China Rich Girlfriend expands the wealthy world introduced in CrazyRich Asians when NYU professor Rachel Chu marries Nick Young, of the uber-wealthy Singapore Youngs. Nick’s kajillionaire family has influence and connections far beyond Singapore, and China Rich Girlfriend finds Rachel and Nick on and off private jets as they travel Asia meeting friends, helping Nick’s family, and getting to know Rachel’s extended family. Rachel’s outsider status provides readers with the perfect guide into the hyper-consumptive world of the wildly rich. Lush with designer details, Kevin Kwan creates a rarefied atmosphere that beautifully frames relatable characters engaged in universal struggles. It’s a really fun read and it’s got me making travel plans for what feels like every country in Asia. Thanks to China Rich Girlfriend, my mojo is back. It’s such a relief. I feel like myself again, or at least like a lesser cousin to some crazy rich Asians.
I liked China Rich Girlfriend so much that the minute I finished it I downloaded Rich People Problems…so know I guess you know how I spent January 2.
In case you were wondering what those notable exceptions to the “Everything Is Bad in 2018” rule are?
An American Marriage by Tayari Jones
Circe by Madeline Miller
Educated by Tara Westover
It’s been a hot minute since I talked about my book life, mostly because I have not had one. Owing to a busier-than-expected work schedule and other general mayhem, not only have I not written about books, I didn’t even have time to read any books in the last few months of last year. Like any mature adult, I handled that by pouting, whining, and complaining excessively to everyone within earshot.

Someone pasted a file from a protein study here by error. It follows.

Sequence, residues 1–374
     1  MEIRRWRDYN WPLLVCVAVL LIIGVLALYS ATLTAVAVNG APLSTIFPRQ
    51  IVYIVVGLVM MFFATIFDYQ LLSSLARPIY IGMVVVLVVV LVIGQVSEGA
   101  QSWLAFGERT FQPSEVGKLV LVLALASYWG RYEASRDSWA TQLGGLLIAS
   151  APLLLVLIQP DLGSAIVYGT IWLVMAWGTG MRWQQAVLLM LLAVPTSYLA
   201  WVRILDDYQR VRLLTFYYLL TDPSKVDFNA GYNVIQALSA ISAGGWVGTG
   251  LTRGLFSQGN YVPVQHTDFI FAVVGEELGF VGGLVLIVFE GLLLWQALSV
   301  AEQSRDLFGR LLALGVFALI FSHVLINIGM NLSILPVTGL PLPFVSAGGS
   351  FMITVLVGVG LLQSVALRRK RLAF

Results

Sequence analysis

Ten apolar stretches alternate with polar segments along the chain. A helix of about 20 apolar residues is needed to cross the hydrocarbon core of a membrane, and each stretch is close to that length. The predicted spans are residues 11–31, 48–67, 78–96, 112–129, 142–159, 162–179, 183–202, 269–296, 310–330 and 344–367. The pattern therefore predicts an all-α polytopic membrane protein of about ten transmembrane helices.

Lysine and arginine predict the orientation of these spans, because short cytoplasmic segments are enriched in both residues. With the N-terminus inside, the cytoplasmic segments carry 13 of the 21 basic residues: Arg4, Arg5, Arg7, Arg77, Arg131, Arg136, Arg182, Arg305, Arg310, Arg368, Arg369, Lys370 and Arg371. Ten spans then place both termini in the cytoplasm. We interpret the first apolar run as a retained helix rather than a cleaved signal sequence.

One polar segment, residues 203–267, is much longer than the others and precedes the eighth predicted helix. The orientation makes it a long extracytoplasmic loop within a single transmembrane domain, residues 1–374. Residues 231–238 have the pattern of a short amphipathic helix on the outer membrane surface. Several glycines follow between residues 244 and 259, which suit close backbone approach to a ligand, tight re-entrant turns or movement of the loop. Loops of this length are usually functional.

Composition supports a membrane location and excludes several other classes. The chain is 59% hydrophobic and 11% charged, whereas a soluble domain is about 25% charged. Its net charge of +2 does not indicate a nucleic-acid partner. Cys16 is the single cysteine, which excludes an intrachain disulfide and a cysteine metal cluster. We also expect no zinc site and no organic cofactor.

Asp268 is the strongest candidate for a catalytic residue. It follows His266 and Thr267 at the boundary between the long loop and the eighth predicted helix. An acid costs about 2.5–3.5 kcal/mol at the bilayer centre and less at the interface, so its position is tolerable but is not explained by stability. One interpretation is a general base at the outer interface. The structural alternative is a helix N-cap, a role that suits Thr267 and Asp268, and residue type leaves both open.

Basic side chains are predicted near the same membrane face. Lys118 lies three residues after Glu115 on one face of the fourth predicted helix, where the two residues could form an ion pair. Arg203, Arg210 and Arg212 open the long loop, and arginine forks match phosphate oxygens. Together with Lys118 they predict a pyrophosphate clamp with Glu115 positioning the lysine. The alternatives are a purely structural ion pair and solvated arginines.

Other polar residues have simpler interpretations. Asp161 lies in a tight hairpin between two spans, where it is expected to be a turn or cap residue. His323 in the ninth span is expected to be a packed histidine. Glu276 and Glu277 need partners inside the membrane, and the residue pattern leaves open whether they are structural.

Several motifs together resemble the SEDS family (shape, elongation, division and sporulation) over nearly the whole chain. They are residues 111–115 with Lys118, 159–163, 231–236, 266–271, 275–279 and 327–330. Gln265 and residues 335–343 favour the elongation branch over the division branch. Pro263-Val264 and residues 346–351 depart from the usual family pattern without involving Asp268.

I hit the new year determined to get words in front of my eyeballs and I am making progress and I am pleased to report that my whining has decreased by 62%. That’s SCIENCE, y’all.
My Kindle right now. Woot!
My Kindle and I are getting along beautifully these days. If you want to check out what we have been up to, I am faithfully updating Goodreads. I’m at Bookreasons over there, in case wondering what I’m reading is keeping you up at night.
There are many things for which I am 100% trash: Videos of cussing parrots. Generously poured glasses of red wine, particularly ones I am not personally buying. James Bond movies. I always show up for these things, sometimes even wearing something other than Old Navy sweats and my Echo and the Bunnymen t-shirt. In my reading life, I also have cherished, unproblematic faves that never fail me: Any book related to, set in, or about the Victorian Era/Gilded Age. The month of November. The mystery and crime genre.
Why is November, the calendar’s turkiest month, on this list? I have two really good reasons. November contains the Thanksgiving holiday, which is when I pull M.F.K. Fisher’s marvelous The Gastronomical Me off the shelf for the annual ReReadMFKFisherFest, which runs the entire fourth week of November. And delightfully, November is the month during which author Charles Finch reliably and thoughtfully publishes a new Charles Lenox book. Introduced in 2007, the series features amateur gentleman detective Charles Lenox running around Victorian London, solving mysteries and fighting crime. Let’s review this against my Literary Trash list:
Victorian Era: CHECK
November: CHECK CHECK CHECK
See how perfect? It’s been a match made in my little book heaven…until this year. This year, in some marketing meeting that I clearly was not invited to, it was decided that the eleventh Charles Lenox book, The Woman in the Water, would not come out until…. February. What the hell? Those of you keeping score at home have already noted that February is not November. Sure, the success of the Lenox series is now driving bigger, more complex launches, requiring more time and effort for a successful publication, but you know what that sounds like? It sounds like “not my problem”. I had plans the first weekend of November that included shutting myself in a room to binge read. I was probably going to order some pizza, too. For delivery. I’m not saying that Charles Finch’s publisher is responsible for spoiling my big plans and the resulting devastation and heartbreak but it’s very clear that Charles Finch’s publisher is 100% responsible. I see you, Minotaur Books/St. Martin’s.